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October 20, 2016

You Have Heard, But I Say

(This column is especially for Adventists over sixty-five. Everyone else is also welcome to read.)

You have heard the exam is so difficult scarcely any will pass. But I say, the teacher is so skillful scarcely any will fail. 1.

You have heard that God is so holy, humans scarcely dare dream of a place in his presence. I say that God is so holy, humans cannot find a path so devious or a place so far but that even there God with great affection and longing will be waiting for them to arrive. 2.

You have heard that we can expect a future time of trouble worse than any humans have ever experienced. I say that is not true. 3.

You have heard that there is a moment in your earthly future which will be absolutely determinative of your eternal future. It is called the “close of probation.” If when that moment arrives, the heavenly detectives can find a single instance of moral, ethical, or healthy habits failure which you have not confessed and repented of, then you are doomed for eternity. But I say to you, if this were true heaven would be empty. 4.

You have heard that to successfully “go through the time of trouble” you will have to get the victory over cheese. You have also heard that wearing a necklace is an infallible sign of damnable pride and self-pampering. But I tell you that cheese and jewels are gifts of God. 5.

You have heard that “not one in twenty” will make it to heaven. But I tell you that the Shepherd would never tolerate such losses. 6.

You have heard that unless people believe in their hearts and confess with their mouths that Jesus Christ is Lord they will be lost. But I tell you that many will go into the kingdom who previously had no personal knowledge of the Savior or a knowing connection with the “People of God.” 7.

You have been told that God is forever frowning because his people are not good enough. I tell you that God is perpetually smiling because he delights in every breath his children take. 8.

I keep hearing from my Adventist friends who are over sixty-five comments that express profound uncertainty about their place in heaven. They may voice their rejection of legalism. They say they know we are not saved by our works. But when I listen for a minute longer, I hear words that indicate an ineradicable anxiety. The indoctrination in Adventist schools and evangelistic meetings is too deep. They know at the core of their being that God is fundamentally displeased with his children because they are not perfect. They know at the core of their being that to “make it through the time of trouble” one must be perfect, flawless, and that they have not yet arrived at perfection. And, given their last sixty years of effort, they are unlikely to ever reach perfection, even if they live to be 120.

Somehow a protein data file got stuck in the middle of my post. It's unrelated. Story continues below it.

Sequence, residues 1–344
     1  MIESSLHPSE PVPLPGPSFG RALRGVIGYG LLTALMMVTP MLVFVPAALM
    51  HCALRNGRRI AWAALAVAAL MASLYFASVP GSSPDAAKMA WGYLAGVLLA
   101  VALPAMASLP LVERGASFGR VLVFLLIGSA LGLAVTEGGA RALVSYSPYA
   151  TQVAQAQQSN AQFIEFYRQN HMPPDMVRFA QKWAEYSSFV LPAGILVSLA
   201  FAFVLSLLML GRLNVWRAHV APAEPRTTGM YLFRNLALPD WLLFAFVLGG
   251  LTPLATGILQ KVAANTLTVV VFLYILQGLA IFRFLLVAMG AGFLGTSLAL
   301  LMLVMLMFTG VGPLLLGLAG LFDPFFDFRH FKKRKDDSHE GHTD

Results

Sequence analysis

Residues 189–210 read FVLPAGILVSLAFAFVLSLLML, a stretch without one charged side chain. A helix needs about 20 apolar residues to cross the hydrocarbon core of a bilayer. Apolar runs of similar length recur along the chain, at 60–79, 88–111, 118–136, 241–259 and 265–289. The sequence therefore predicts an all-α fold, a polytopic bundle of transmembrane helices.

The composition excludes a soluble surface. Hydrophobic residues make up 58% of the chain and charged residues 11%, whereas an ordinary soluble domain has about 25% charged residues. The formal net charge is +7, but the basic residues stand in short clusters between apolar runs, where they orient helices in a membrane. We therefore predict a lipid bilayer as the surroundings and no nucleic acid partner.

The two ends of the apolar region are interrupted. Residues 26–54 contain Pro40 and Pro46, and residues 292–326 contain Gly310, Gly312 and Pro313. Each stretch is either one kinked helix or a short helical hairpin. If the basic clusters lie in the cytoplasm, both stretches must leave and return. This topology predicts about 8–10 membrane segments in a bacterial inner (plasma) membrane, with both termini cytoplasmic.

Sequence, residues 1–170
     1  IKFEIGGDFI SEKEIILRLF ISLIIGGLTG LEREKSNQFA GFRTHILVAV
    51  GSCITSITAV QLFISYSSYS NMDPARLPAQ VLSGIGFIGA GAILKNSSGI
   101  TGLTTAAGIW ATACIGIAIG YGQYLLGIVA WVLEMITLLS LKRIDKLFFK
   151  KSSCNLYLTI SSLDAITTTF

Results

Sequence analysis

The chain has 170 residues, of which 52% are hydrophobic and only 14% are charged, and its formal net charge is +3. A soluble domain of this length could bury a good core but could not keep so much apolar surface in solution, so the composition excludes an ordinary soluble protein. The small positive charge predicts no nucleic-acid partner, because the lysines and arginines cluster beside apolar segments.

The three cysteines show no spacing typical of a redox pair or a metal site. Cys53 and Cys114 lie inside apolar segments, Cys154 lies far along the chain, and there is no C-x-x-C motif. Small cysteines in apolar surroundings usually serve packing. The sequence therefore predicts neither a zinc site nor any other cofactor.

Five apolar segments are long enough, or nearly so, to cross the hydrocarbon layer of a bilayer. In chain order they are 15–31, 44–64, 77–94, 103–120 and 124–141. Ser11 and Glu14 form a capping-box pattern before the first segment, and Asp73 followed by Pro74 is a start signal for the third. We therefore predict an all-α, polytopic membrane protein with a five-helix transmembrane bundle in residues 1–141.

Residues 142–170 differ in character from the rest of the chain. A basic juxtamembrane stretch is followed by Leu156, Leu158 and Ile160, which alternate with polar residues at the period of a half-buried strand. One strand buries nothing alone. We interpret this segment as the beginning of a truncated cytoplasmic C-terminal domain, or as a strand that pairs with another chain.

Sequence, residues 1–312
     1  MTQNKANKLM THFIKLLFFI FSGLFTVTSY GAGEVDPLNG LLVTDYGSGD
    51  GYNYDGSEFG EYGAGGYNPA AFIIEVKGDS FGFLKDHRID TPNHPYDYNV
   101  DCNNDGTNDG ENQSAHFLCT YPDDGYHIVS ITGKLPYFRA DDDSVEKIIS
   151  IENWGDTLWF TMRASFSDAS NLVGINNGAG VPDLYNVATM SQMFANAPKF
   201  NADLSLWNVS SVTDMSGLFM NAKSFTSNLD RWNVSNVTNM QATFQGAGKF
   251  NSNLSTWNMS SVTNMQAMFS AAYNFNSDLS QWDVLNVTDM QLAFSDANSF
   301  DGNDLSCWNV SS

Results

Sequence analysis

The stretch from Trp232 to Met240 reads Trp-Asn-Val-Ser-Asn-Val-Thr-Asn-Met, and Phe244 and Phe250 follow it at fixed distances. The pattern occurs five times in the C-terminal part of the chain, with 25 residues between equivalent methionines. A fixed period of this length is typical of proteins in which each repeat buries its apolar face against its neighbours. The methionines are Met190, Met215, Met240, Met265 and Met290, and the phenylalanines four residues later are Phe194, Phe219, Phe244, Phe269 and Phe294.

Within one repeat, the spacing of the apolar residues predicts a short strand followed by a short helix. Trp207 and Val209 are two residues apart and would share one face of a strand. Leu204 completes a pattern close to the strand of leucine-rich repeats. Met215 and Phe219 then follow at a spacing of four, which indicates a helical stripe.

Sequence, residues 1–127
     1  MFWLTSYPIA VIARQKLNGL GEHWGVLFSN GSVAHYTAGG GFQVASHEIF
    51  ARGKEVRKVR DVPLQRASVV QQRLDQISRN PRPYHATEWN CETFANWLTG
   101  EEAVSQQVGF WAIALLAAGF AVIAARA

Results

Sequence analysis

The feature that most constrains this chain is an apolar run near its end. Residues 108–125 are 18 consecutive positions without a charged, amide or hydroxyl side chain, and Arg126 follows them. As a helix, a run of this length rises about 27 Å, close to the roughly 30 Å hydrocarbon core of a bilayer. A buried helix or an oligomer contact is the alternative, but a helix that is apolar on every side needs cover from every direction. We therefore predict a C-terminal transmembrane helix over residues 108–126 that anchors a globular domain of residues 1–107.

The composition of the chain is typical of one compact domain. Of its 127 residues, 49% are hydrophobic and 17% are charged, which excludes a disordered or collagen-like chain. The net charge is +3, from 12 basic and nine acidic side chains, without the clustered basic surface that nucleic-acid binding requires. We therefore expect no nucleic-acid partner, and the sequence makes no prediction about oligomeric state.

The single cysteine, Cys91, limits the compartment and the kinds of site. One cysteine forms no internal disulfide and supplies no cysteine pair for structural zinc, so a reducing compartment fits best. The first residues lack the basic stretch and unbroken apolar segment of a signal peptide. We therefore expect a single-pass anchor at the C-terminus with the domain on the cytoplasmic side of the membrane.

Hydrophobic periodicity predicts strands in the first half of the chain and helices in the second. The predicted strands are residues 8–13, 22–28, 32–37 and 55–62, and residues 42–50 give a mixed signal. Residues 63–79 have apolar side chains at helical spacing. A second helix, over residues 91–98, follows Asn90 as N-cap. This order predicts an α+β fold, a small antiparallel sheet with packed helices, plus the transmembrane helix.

You have heard that you are damned. I say you are saved. You have heard that God frowns when he looks your direction. I testify that I have seen him smile.

1. One of the names for Jesus used by the disciples was Teacher. Even in the traditional telling of the Jesus story, the teacher successfully graduates 91 percent of his students.

2. Consider the story of Jonah and the words of Psalm 139:7-17

3. None of the predictions in The Great Controversy is worse than the reality of life under Pol Pot or during China’s Cultural Revolution in the 1970s or during the Rwandan genocide. Quit freaking out about some hypothetical “time of trouble” which terrified our parents and grandparents and great grandparents and never happened.

4. Only an evil god would order life so that all of eternity depended on a moment of perfection. The threat of the “close of probation” which terrorized me through my childhood must be denounced as an unfortunate distortion.

5. I don’t even know where to start in debunking this. Jesus said not a word about cheese. Do we really imagine that the heavenly detectives will be inspecting our sandwiches to see if the cheese inside is soy cheese or dairy cheese? And Jesus’ only comment that touches on necklaces is the story of the woman with ten coins—coins which were commonly worn on a necklace. And the woman wearing the necklace represents God.

6. The way Jesus tells the story, when the Shepherd is finished all one hundred sheep are safely home, when the woman quits searching all ten coins are restrung on her necklace, and the Father’s final word to the most recalcitrant son is: All that I have is yours.

7. Luke 14:11-24 and Matthew 25:31-46

8. Talk to a mother about her disabled or criminal or addicted or maligned or depressed or troubled or troubling child. If her child is breathing, life is better than if her child is not breathing. So God takes exquisite pleasure in the sheer fact of our breathing. And if we manage to say words of gratitude or affection or faith or hope or pardon, the happiness in heaven is beyond human words.

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